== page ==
Bus Rapid Transit supporters are split on the Master Plan the county’s Planning Department will likely send to the County Council next week on the new transportation system.
Some are still worried language inserted into the plan that would require “a thorough traffic analysis” before any BRT system is implemented severely waters down the plan and contradicts the basic point of making roads move more people instead of more cars.
“This plan is one of the most extensive and progressive transportation plans of any suburban community in our region, and is in keeping with Montgomery County’s record of innovation in land use transportation and housing policy,” CSG Executive Director Stewart Schwartz said in a statement.
The Action Committee for Transit wrote a letter to the Planning Board before a worksession on the plan last Thursday urging it to reconsider the “thorough traffic analysis” language.
ACT is concerned a traffic study from county transportation planners at time of facility planning would make it more difficult to dedicate existing lanes to the buses in the BRT network, thus reducing the amount of all-traffic lanes.
At the Thursday worksession, the Planning Board amended the language by saying the thorough traffic analysis “should be performed” instead of “must be performed,” and only “where lane repurposing is recommended.”
Planning Board Chair Francoise Carrier advocated a plan that would ease concerns from drivers worried about how fewer lanes would affect their commutes. On Thursday, Carrier said the Board should consider how the repurposing lanes debate would play out before the County Council, which is expected to take up Bus Rapid Transit in September.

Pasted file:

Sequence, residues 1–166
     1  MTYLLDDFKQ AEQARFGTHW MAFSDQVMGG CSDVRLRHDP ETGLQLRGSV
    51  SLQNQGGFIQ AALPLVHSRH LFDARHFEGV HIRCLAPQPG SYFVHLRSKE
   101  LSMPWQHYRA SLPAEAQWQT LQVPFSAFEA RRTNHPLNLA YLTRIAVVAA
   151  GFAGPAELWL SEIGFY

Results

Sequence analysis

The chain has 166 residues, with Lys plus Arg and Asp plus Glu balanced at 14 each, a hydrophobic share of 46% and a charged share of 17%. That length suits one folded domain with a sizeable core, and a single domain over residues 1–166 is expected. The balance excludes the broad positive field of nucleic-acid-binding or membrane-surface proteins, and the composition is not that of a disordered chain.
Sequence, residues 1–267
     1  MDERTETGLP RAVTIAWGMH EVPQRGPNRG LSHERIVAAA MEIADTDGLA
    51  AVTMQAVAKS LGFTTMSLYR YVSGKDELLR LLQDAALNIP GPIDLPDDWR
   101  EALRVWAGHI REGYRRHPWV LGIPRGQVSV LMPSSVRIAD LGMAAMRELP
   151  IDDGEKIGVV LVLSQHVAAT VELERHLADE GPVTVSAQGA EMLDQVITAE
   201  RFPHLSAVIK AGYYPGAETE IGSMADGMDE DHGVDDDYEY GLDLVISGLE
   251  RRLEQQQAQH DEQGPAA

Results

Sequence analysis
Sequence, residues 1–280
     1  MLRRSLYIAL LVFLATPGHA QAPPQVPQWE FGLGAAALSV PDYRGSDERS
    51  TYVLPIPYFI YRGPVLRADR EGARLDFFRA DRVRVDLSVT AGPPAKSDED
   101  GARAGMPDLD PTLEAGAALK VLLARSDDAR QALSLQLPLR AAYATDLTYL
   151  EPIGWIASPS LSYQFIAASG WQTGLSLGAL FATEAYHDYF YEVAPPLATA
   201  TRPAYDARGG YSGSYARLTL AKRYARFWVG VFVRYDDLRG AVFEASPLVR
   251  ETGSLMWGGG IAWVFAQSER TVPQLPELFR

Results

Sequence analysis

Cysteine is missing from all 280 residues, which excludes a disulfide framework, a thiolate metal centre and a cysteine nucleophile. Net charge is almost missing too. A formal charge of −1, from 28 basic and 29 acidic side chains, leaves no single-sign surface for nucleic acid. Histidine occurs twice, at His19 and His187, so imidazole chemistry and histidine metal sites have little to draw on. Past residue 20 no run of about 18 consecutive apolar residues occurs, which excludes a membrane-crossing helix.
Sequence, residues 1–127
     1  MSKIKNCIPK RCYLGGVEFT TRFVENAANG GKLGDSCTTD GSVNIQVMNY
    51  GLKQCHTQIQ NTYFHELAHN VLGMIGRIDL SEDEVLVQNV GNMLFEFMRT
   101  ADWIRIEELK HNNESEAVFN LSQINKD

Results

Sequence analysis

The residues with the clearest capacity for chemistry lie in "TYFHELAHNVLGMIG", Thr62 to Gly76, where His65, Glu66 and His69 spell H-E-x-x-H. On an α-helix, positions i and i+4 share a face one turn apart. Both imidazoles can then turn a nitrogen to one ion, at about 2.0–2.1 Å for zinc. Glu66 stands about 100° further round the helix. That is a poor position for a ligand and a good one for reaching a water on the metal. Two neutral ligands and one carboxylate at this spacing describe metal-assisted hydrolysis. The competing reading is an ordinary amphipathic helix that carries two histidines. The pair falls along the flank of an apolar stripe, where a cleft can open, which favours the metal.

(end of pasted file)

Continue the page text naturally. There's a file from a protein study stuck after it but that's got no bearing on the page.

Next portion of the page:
“There is a tension between sending up a plan that’s easier to adopt or sending up the plan thats bolder,” Carrier said.
Planning Commissioner Casey Anderson made it clear throughout the process he’s in favor of a bolder option that would include repurposed lanes where needed. Planning staff has said a lane each way on MD 355 would need to be repurposed through downtown Bethesda and Chevy Chase because there is no room to build an additional lane.
There has already been much opposition to the idea of repurposing lanes from neighborhood groups in Silver Spring and Chevy Chase and residents in Bethesda.
“It’s almost like you’re a dog that’s been beat too much and you’re afraid you’re going to get hit again when you start talking about, ‘Oh, don’t worry. We’re not going to do [lane repurposing] everywhere,’ before you even get started,” Anderson said.
Kelly Blynn, an organizer for the Coalition for Smarter Growth, said while the plan is a break from thinking that often shortchanged transit in favor of single-occupancy vehicles, the group is still concerned about new language from the State Highway Administration.
“However, Blynn expressed concern that other new language in the plan, pressed by the State Highway Administration, would place too high of a standard on moving cars through without considering a more proper standard of what approach would move the most people,” read the group’s press release.